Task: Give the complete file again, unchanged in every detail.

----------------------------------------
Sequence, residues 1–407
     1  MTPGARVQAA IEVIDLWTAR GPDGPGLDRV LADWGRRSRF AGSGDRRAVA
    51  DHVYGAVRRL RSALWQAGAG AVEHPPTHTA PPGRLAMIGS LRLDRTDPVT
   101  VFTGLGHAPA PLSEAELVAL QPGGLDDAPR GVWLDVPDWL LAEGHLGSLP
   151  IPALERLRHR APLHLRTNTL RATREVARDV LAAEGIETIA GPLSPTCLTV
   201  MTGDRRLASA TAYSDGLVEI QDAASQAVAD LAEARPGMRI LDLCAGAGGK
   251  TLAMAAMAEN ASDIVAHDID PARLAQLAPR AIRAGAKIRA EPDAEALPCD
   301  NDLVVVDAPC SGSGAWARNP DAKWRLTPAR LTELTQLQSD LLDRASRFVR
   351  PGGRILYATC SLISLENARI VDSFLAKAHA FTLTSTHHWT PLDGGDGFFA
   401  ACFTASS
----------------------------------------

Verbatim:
Sequence, residues 1–407
     1  MTPGARVQAA IEVIDLWTAR GPDGPGLDRV LADWGRRSRF AGSGDRRAVA
    51  DHVYGAVRRL RSALWQAGAG AVEHPPTHTA PPGRLAMIGS LRLDRTDPVT
   101  VFTGLGHAPA PLSEAELVAL QPGGLDDAPR GVWLDVPDWL LAEGHLGSLP
   151  IPALERLRHR APLHLRTNTL RATREVARDV LAAEGIETIA GPLSPTCLTV
   201  MTGDRRLASA TAYSDGLVEI QDAASQAVAD LAEARPGMRI LDLCAGAGGK
   251  TLAMAAMAEN ASDIVAHDID PARLAQLAPR AIRAGAKIRA EPDAEALPCD
   301  NDLVVVDAPC SGSGAWARNP DAKWRLTPAR LTELTQLQSD LLDRASRFVR
   351  PGGRILYATC SLISLENARI VDSFLAKAHA FTLTSTHHWT PLDGGDGFFA
   401  ACFTASS